Soil type, fertilizer management and cropping intensity are factors that determine the liming frequency. In general, hayfields require more frequent lime applications as compared to grazing pastures because of the greater crop removal and fertilizer application rates. Despite the fact that sandy soils typically require lower lime application rate, more frequent lime application may be needed to maintain the soil pH at the desirable levels.
The amount of lime required to raise the pH will depend on the soil acidity and the solubility and purity of the material. The lower the soil pH (more acidic conditions), the more lime will be required. In addition, soil organic matter levels and soil texture also affect the amount of lime needed. Lime recommendations based on soil testing generally assumes that a pure liming material (calcium carbonate equivalent or CCE of 95 to 100%). Application rates should be adjusted according to the CCE of the liming material that will be applied. For instance, if soil test report recommends 2 ton per acre and quick lime with a CCE of 160 is used, then application rate should be reduced to 1.2 ton per acre.
Both commercial fertilizer and organic sources such as biosolids and animal manure can be used as nitrogen sources for pastures and hayfields. Several fertilizer sources are commercially available to supply nitrogen, phosphorus, potassium and micronutrients to forage crops. In this section, we will focus on nitrogen fertilization, but the same considerations should be applied to other essential nutrients.
Ammonium nitrate, ammonium sulfate, and urea are the major nitrogen sources used on pastures in Florida. Organic sources such as biosolids and animal manure also represent important sources of nitrogen that can be used in pastures. When choosing the right fertilizer source, it is important to consider important factors, such as price, fertilizer effectiveness, method and rate of application.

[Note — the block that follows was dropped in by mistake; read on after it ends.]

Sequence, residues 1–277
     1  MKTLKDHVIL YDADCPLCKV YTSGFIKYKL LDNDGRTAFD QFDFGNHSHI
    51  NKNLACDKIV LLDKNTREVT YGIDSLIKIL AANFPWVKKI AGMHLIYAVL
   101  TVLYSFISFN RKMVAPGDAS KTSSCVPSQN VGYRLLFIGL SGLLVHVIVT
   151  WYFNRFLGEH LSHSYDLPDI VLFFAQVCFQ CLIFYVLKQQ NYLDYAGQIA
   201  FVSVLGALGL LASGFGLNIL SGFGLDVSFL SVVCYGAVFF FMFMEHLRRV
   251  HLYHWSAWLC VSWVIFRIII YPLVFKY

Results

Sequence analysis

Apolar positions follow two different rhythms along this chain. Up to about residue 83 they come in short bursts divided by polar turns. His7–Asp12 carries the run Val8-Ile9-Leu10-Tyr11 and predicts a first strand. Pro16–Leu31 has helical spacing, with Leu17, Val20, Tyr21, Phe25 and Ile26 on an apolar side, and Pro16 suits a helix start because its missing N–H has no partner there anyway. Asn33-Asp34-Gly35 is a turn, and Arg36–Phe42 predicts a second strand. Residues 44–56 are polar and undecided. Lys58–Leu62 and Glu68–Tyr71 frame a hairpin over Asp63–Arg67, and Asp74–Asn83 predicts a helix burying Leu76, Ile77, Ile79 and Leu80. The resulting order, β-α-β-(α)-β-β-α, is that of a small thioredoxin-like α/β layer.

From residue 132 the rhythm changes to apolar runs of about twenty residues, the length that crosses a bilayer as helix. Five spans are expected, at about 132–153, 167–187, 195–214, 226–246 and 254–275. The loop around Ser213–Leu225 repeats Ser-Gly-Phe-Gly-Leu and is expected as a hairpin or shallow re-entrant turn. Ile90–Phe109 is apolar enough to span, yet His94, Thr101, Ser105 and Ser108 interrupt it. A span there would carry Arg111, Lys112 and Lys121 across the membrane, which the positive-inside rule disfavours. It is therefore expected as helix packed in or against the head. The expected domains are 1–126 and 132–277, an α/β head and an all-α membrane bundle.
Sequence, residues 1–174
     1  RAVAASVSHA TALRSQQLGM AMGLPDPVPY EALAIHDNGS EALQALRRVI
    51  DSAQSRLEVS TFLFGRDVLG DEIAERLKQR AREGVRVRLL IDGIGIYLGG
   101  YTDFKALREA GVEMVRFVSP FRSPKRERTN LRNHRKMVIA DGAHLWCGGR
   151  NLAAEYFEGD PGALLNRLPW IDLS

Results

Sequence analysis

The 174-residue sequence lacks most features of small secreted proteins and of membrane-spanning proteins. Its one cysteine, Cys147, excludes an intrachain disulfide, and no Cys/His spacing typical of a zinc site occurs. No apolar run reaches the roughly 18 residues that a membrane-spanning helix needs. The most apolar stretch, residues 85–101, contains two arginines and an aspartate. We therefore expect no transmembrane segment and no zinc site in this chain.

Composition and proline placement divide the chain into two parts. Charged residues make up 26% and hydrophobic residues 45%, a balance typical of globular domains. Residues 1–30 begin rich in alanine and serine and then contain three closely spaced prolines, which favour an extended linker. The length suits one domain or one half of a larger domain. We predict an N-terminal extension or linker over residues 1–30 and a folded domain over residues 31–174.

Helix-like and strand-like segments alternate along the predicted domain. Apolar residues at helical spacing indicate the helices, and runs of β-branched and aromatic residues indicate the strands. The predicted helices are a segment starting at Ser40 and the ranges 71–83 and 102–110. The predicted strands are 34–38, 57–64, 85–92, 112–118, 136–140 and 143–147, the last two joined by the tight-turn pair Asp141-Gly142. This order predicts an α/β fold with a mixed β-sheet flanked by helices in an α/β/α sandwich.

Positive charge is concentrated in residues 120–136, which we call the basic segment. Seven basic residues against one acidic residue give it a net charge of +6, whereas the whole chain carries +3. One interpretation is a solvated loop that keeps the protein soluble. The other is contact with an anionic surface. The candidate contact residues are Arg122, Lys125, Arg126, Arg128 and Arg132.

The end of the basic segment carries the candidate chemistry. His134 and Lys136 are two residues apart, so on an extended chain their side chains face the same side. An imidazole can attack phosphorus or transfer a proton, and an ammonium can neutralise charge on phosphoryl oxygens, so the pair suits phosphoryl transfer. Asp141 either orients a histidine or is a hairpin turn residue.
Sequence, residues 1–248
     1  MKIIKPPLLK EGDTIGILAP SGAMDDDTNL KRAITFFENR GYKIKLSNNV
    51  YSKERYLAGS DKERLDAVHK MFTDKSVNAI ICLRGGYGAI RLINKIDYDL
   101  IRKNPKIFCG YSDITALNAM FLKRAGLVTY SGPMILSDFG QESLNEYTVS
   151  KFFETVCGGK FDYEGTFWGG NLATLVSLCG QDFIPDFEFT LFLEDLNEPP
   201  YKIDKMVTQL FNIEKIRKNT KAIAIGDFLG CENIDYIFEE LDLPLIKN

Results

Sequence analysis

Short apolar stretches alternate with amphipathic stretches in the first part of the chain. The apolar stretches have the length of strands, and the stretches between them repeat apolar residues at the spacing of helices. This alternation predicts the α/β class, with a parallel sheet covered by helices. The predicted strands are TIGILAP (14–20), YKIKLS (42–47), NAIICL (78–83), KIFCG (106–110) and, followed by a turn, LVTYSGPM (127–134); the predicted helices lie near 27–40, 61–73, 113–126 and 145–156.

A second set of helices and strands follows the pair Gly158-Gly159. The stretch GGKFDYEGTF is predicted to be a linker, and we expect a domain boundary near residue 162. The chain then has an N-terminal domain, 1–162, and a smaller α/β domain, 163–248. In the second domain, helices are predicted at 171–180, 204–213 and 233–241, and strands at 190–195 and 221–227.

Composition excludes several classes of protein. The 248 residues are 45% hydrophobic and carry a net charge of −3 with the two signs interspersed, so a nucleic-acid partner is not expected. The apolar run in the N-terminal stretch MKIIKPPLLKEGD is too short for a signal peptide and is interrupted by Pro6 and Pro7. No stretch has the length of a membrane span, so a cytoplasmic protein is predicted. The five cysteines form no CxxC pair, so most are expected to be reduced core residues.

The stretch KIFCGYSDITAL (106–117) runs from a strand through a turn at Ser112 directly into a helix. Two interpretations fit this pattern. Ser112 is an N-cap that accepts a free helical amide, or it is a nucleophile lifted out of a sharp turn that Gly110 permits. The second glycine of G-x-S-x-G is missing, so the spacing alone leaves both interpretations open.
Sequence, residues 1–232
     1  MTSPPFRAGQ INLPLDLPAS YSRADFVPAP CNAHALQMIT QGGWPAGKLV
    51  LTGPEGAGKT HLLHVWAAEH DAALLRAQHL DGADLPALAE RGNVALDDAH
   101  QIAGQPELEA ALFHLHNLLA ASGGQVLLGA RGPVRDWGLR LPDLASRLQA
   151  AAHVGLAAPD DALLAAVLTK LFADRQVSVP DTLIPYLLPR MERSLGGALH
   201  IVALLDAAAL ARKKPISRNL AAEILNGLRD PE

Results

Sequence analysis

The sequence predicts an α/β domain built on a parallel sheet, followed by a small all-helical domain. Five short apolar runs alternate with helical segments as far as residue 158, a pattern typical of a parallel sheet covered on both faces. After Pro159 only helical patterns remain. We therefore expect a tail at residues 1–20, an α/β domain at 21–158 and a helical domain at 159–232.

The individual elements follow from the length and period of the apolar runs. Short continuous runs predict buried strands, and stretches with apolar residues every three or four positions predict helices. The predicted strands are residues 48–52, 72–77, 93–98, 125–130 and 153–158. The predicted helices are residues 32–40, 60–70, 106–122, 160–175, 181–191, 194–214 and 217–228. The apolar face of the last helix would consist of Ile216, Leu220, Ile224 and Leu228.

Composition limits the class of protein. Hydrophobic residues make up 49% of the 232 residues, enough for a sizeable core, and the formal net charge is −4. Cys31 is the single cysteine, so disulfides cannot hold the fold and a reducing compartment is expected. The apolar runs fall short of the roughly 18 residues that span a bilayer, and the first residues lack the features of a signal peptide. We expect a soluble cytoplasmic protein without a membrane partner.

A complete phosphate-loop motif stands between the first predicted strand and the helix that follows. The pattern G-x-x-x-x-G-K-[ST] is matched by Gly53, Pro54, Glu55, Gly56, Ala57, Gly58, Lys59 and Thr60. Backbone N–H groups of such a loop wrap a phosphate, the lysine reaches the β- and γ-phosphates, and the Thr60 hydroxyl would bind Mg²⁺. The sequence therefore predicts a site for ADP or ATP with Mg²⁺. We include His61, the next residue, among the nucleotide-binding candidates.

Cost of fertilizer should be calculated in terms of dollars per pound of nutrient. So if ammonium, nitrate contains 34% of nitrogen and ammonium sulfate has 21% nitrogen, the cost of each source should be based on how much you are paying per pound of nitrogen. Below is an example how this can be easily calculated. Please note the fertilizer prices used here are just an example, so please check with your local fertilizer dealer the current fertilizer cost.
One important aspect to consider when using organic amendments is that the nitrogen present in these sources is not readily available to plants and total nitrogen is often a poor indicator of nitrogen availability. While only 40% of the total nitrogen in some biosolids materials may become available in the first year, up to 80 to 90% of the total nitrogen present in chicken manure may be available during the same period. As the organic compounds mineralize, nitrogen and other essential nutrients become available to the plants. Factors such as source, time and rate of application and environmental conditions can impact the effectiveness of organic materials in providing nitrogen to pastures. From both agronomic and environmental prospective, it is important to monitor soil fertility after organic amendment application to avoid nutrient buildup in the soil or soil pH above the desirable range.
Timing and rate of fertilizer application
Fertilizer should be applied when the forage is actively growing. For most warm-season grasses commonly used in Florida such as bahiagrass, growing season does not start until night temperatures reach 50 to 60oF, which typically occurs in early spring. For establishment of new plantings, fertilizer should not be applied until plants have emerged. Nitrogen and potassium should be split-applied into two applications: after emergence and 30 to 50 days later. For hayfields, nitrogen and potassium should be applied after each cutting.
Unlike phosphorus and potassium recommendations, nitrogen application rates are not based on soil test results, but rather they are calculated based on expected yields. Grasses such as bermudagrass, limpograss, and stargrass usually require higher fertilizer application rates than bahiagrass pastures. Beside the forage species, another important aspect that should be considered is how much grass is needed. Do not fertilize pastures if forage production will not be consumed by grazing animals and/or harvested for hay. Nitrogen fertilization will likely increase forage production and nutritive value but these benefits may not be economical if not converted into animal product. Thus, adequate stocking rate is another important variable that should be considered when choosing nitrogen rates.